On April 3rd, 2002, Israeli peace organizations led by women activists tried to enter Palestine, but were violently rebuffed by Israeli soldiers – 21 required hospitalization when it was all over. The picture shows seven members (six women and one man) of the organization Kveesa Shchora – Lesbians and Gay Men Against the Occupation – as they set out that morning.
It was through Amalia Ziv ‘s work that I came to know about ‘Kvisa Shchora’ (Black Laundry), an Israeli anti-Occupation queer group, which positions itself against both Israeli Zionist queer politics and the Israeli Left, against whose universalist understanding Black Laundry poses its queer identity as a platform for critique. Ziv suggests that Black Laundry tied together ‘sexual deviance’ and ‘national deviance’ with slogans like ‘Free Condoms, Free Palestine’, ‘Bull Dykes, Not Missile Strikes’, ‘Transgender not Transfer’ (that is, forced deportation of Palestinians) – which break down the hierarchies of Nation and Sex, challenging queer politics in Israel with anti-occupation politics and Left anti-occupation politics with the queer gaze. Ziv argues that through the ‘twin strategies of national betrayal and sexual depravity’, Black Laundry deliberately situated itself outside both discursive communities – that of Israel/Palestine as well as of hetero/homosexual.
Read this wonderful interview by TSAFI SAAR with Amalia Ziv in which she talks about queer parenting, pornography, masochistic fantasies, her envy of people who have the capacity to be polyamorous, how tolerance in Israel for queer politics ‘runs out when queer politics melds with politics against the occupation,’ and about her crush as an adolescent for Woody Allen. ‘Eros is blind’, she says unrepentantly.
Here are two excerpts.
On queer parenting:
How does the concept of parenting fit in with being queer?
“It is not simple in the least. Ever since my son was born I have been in a kind of cultural shock, which I am trying to process. One of the facets of this experience is to see the gender juggernaut in operation from up close and to try and pose some minuscule resistance, even though it is a fairly lost cause.”
How, for example?
“For instance encourage a range of activities. Let’s say he is very interested in cooking, so he has a toy kitchen. Overall his identity as a boy is already pretty established, but we can try to expand a bit what it means to be a boy, and also make it clear to him that gender is not a dichotomous issue. With me that occurs quite naturally, because at home I speak primarily in the masculine.”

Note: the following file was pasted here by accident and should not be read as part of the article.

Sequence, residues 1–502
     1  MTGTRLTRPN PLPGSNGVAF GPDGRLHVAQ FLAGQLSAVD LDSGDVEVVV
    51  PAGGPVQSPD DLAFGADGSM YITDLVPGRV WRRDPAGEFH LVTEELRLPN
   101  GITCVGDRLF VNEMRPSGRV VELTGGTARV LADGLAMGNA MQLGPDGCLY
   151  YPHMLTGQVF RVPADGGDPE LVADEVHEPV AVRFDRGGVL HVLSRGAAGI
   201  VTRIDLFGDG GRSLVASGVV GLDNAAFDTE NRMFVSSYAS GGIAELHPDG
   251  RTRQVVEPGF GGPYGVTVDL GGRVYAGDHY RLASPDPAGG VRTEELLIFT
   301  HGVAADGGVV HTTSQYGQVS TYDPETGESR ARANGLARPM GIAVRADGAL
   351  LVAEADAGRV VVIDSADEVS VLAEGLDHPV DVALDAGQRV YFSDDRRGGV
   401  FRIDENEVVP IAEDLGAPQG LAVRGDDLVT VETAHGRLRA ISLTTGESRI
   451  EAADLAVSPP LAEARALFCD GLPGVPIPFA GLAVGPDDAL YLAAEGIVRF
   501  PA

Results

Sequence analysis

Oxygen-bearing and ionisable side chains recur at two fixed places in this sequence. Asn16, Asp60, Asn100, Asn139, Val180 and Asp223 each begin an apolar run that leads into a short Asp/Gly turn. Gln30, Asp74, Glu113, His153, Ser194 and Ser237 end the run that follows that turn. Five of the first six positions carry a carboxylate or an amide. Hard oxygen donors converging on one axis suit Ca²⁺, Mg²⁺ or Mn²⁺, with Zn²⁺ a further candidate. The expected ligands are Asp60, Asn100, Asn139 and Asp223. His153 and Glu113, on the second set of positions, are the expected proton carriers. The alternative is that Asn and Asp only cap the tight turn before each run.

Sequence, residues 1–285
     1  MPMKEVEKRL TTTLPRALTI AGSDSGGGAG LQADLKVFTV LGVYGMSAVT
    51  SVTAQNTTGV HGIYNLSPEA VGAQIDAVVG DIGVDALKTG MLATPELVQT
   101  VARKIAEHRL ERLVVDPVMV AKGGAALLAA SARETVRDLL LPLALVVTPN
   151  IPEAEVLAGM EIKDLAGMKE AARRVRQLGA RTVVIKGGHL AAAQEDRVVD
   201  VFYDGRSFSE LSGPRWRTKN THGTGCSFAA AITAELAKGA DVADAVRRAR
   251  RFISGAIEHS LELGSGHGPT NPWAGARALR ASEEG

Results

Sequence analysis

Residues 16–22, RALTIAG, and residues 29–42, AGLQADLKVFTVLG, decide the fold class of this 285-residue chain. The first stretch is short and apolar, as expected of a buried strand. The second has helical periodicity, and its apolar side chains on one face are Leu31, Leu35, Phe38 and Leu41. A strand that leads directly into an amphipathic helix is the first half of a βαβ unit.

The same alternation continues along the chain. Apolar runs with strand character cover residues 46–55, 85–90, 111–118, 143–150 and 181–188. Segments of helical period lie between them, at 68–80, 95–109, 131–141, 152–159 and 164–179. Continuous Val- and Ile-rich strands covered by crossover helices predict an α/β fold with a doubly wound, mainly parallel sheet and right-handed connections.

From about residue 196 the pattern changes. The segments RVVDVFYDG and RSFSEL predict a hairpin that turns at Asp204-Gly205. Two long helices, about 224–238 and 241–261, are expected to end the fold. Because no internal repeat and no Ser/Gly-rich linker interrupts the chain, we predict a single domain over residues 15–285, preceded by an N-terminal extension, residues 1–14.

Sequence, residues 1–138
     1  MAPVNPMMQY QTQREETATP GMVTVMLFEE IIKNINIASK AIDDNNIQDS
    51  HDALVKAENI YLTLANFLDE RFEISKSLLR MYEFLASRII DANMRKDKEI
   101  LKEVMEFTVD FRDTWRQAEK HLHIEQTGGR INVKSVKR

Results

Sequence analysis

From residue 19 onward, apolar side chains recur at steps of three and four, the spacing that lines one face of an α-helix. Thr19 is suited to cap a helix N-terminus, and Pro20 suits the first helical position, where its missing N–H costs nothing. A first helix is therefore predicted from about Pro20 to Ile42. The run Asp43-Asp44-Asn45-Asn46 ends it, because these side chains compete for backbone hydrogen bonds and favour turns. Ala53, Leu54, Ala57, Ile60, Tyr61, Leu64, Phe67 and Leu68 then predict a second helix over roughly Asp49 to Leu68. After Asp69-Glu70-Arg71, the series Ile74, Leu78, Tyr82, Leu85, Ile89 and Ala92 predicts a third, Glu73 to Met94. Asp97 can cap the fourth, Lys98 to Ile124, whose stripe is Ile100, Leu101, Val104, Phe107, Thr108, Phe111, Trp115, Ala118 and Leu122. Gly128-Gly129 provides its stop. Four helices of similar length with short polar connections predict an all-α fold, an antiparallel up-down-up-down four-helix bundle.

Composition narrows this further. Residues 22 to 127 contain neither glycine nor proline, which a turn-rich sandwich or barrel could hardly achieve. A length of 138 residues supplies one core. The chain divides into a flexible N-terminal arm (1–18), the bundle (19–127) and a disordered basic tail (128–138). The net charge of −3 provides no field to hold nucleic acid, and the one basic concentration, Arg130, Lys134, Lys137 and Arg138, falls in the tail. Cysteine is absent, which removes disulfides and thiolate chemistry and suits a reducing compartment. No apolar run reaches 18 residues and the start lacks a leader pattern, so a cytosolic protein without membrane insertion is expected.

When referring both to yourself and to Sharon [Amalia’s partner]?
“Yes. It is something I have come across here and there in heterosexual couples as well, an expression of intimacy. With him, too, I refer to myself in the masculine. And he addresses me in the masculine. It causes a lot of people dismay, but it’s interesting to see how his friends accept it very quickly, a lot simpler than adults.
“Furthermore, I also identify more as a father than as a mother. I can’t manage to fathom myself through the category Mother. It has to do with all sorts of things − my gender identity, the way I perceive motherhood, Sharon’s and my relationship. Publicly I fully identify as a woman, but privately it is more complicated. There’s also some significant masculine identification there.
“So my son lives with two parents who are identified from the outside as mothers, while there is some gender difference, which to him is very apparent. In other words, it is also clear that there is a similarity of sorts between him and me, which there is not between him and Sharon, as his mother. So in that sense he is learning about queer gender. He is learning that there is not a complete overlap between sex and gender; that in certain respects Sharon and I are the same gender, and in other respects we are not. He is learning this experientially. And he gets that this is not something that is easy to explain to those around him.
“I see a clash that is far from simple between queerism and parenting, because in parenting there is something inherent that reproduces the social order, even if you don’t mean to.”
On the term ‘queer’
“What is interesting about ‘queer’ is also that the term does not denote sexual orientation: If someone says, ‘I am queer,’ this does not automatically tell us what that person does in bed. There is also the category of ‘genderqueer,’ with which quite a few people identify.”
How do you define genderqueer?
“There isn’t one definition, but genderqueers are people who are opposed to gender normativity, and generally distinguish themselves from transgender people. Transgender people usually define themselves in terms of passage − ‘trans’: that is, from the identity I am perceived as having today to an identity by which I want to be perceived. Genderqueers, in contrast, conceive of themselves as being beyond the categories of man or woman, beyond gender binarism. They are interested in creating an admixture, confusing people, appearing both this and that, speaking this way and that.”
What tidings does queerness bear for heterosexuals, in your view?
“The main message perhaps is that if you are heterosexual, that does not mean you have to be heteronormative. Straights don’t have to be one thing all the time either. And even if you are straight in terms of sexual preference, that need not say anything about your sexuality, your fantasies or your politics.”